A year ago, she was Fantasia Barrino (search), unemployed and borrowing money to pay rent on a one-bedroom apartment, where she spent days playing with her 1-year-old daughter, Zion.

Now, after winning the "American Idol" (search) competition, she has a new $500,000, 5,000-square-foot home, a new single in stores and a new outlook on life.

And a new name: just "Fantasia."

Her new digs aren't even furnished yet, but the 19-year-old singer invited The Associated Press over last week for a look at the bare walls and hardwood floors. With her puppy, "Diva," by her side, Barrino talked about preparations for three months of touring and her first single, "I Believe," which she first sang during the "Idol" finals and hit stores Tuesday.

AP: Did it feel the same to sing "I Believe" in the studio as it did on stage?

Fantasia: The words of the song are 'Finally, I believe,' and I always tell people that I always believed I would be a singer, and I always wanted to be. I worked hard at it, but I struggled to try to get it and when I heard the words of the song, I was like, 'Whoa, finally I believe.' I really do.

AP: Any plans for your album yet?

Fantasia: I want music for everybody. I want music that will encourage people if they are going through something.

AP: Are you finding it harder to stay yourself?

Fantasia: Nothing has really changed about me. I'm still the same old girl. I think the only thing that's changed now is that I have money in my pocket and I'm able to do for my family and for my child, and able to share my music with the world.

AP: Do you have a message for young mothers?

Fantasia: Just keep your head up because a lot of times when young women have kids, a lot of people seem to down them because you're not married and you're so young and had a child out of wedlock. ... If God forgave me, then you guys can forgive me too. ... If you're a single mom and you have a dream, go after it.

AP: How would you describe your life so far?

Fantasia: It was tough trying to get a job, it was tough trying to get money. I borrowed money from people and I don't have to do that no more. When I was crying when I won, I was crying about all that stuff. And I was like 'Gosh, I did it. I borrowed but I don't have to borrow anymore ...' I've been singing for a long time now, since I was 5 years old, trying to get out there, trying to be heard. To me it wasn't all about the money, it was all about being in front of people and hopefully my music could encourage somebody.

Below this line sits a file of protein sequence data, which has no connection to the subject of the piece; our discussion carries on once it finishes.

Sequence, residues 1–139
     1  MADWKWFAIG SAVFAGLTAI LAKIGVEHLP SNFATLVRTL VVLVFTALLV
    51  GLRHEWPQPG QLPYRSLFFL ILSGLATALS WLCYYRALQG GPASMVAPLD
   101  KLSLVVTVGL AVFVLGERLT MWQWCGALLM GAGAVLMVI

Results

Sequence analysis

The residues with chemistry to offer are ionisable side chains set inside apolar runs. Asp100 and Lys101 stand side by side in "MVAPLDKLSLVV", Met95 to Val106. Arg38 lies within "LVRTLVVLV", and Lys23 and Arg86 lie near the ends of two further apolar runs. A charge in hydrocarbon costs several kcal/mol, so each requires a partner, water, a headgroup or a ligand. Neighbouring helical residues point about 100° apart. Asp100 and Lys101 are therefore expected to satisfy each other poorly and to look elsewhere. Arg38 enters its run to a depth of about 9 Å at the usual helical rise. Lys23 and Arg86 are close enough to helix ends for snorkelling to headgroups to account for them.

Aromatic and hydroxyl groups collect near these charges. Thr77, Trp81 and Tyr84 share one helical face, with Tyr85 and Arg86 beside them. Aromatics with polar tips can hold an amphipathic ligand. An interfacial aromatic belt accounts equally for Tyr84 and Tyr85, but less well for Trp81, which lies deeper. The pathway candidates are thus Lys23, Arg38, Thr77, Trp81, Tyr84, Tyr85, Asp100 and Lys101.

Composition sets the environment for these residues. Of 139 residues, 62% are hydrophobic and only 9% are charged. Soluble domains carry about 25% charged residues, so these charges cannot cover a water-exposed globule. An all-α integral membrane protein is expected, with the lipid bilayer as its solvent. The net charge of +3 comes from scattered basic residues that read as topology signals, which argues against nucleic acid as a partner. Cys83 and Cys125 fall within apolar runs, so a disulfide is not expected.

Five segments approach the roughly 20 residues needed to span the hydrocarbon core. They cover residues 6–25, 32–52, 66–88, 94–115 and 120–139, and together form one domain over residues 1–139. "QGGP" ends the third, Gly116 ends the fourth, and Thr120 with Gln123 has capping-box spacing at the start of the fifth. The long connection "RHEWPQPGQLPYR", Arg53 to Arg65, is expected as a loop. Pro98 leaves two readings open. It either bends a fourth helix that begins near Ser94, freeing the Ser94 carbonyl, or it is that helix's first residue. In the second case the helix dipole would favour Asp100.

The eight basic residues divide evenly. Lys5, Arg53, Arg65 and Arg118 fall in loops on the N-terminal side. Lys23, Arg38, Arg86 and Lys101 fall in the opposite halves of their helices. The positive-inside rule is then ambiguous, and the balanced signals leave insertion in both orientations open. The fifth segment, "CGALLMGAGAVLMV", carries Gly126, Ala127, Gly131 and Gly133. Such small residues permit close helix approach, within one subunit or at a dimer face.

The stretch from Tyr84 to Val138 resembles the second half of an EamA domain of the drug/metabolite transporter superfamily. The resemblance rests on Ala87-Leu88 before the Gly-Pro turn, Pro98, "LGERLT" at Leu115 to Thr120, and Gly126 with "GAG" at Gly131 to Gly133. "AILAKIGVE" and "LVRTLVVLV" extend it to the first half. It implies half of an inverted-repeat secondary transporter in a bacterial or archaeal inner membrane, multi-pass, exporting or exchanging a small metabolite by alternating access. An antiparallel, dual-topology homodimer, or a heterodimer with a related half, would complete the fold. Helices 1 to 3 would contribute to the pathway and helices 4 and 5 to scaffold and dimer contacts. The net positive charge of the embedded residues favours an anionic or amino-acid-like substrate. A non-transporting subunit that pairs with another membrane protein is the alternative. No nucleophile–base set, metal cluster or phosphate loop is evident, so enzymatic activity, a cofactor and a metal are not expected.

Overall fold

AP: Your audition in Atlanta almost didn't happen, why?

Fantasia: We drove all the way to Atlanta with $20 in our pocket. ... The first day everybody was in the Georgia Dome singing. ... They had karaoke going. ... The next morning they started the auditions and I said, 'I can't sing on an empty stomach ...' We left and we got back and there were about 25 of us and they wouldn't let us back in. ... I went back to my cousin's house in Atlanta and all of my family kept calling me. And my dad and everybody was saying, 'Maybe you should go back. Just go back, try it one more time ...' I stood in front of the door and the security guard who heard me sing at the karaoke came to the door and said, 'Did you audition?' And I said, 'No sir.' And he said, 'Why not?' And I said 'They won't let me back in.' So, he said, 'Oh, I gotta get you in.' He took me by my hand, took me in the building, and I was the last one on the field to audition.

AP: Is this what you envisioned it would be?

Fantasia: Yeah. Hard work, a lot of singing, a lot of traveling, and a lot of recording. And I used to watch and TV and say 'If they can do it, I can do it.' ... As long as you love what you do, then you're good.

AP: Where do you see yourself in five, 10 years?

Fantasia: I want to do everything. I want to do some acting, own my own clothing line, but most of all I want to do some centers around North Carolina, just some teen centers with a lot of stuff to do. ... There's a lot of young people out there on the streets who think that's what life is all about.

Someone asked me, 'Do you think you'll just be around for this, you win the Idol and you do a CD and you're gone?' I said, 'Nope, they're not gonna forget me. I'm not gonna let 'em. I'm gonna get on a cereal box if I have to, with Cap'n Crunch, whatever I have to do.'

AP: How does your daily life now compare to a year ago?

Fantasia: I wasn't working. I wasn't doing anything and Zion wasn't in daycare. ... I had my own little apartment and I would do her hair all day, watch movies. ... We would play dress-up. We had nothing to do. ... It's totally different now because I'm working really hard.

AP: How important is your family to where you are today?

Fantasia: As long as I had them by my side, and God on my side, I feel like I could do all things.